Doubt Surfaces about Clinical Trials as Xarelto Cases MountAug 8, 2016
It is still several months before evidence is to be presented in court against the manufacturers of Xarelto. As of July 2016, the number of lawsuits involving the anticoagulant approaches the 6,000 mark. But, the question that lawyers will potentially want answered is, if Bayer and Janssen Pharmaceuticals, a Johnson & Johnson (J&J) subsidiary, failed to sufficiently inform users of potential risks linked to Xarelto.
The climate of scrutiny began in September 2015 when the two companies informed regulators that one of the blood-testing devices used in an ongoing three-year study was faulty. The potentially incorrect data was submitted to the New England Journal of Medicine (NEJM), which led to a positive report and, as a result, U.S. Food and Drug Administration (FDA) clearance. This information led some to view the trial results as questionable.
A disturbing thought was raised in a legal brief filed in federal court recently. Did Bayer and Johnson & Johnson know about the potentially erroneous data before the FDA approval? It’s difficult to determine if a line was crossed as specifics seem to be somewhat fuzzy, the New York Times reported. There was some control data at an independent laboratory that could possibly have shown the inaccuracy of the blood-testing device, but this information was not given to the NEJM.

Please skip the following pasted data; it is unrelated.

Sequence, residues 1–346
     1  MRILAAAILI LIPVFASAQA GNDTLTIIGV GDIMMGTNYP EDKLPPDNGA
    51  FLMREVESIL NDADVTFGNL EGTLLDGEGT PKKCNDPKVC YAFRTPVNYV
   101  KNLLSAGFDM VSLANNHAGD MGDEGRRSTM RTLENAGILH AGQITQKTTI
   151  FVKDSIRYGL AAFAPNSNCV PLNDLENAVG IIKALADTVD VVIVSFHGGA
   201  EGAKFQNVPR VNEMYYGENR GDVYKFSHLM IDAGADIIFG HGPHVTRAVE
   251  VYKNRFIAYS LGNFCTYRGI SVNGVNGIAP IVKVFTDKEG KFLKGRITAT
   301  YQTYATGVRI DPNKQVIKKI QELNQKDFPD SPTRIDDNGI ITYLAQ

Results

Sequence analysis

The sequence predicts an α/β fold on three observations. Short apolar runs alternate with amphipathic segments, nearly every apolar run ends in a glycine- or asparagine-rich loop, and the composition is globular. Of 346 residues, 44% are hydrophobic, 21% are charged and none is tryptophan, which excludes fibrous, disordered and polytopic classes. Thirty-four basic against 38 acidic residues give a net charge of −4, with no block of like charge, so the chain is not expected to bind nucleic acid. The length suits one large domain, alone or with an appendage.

In a 2013 article in the Journal of the American College of Cardiology (JACC), a number of issues and inconsistencies were revealed with data from a Phase III study. The revelations included “an unanticipated high rate of missing data” and a “divergent impact” between the cardiovascular risks of the low dose and the high dose, that ultimately cast doubt on the efficacy and safety of the drug.
The painkiller Vioxx, was at the center of controversy in 2005 when the NEJM discovered that researchers had deleted data from a trial manuscript before submitting it to the journal. Such practices hint that pharmaceutical companies may be putting financial interests before patients’ health.
It remains to be seen how the trials play out, but anyone currently taking Xarelto should consider the drug’s potential risks and its troublesome history.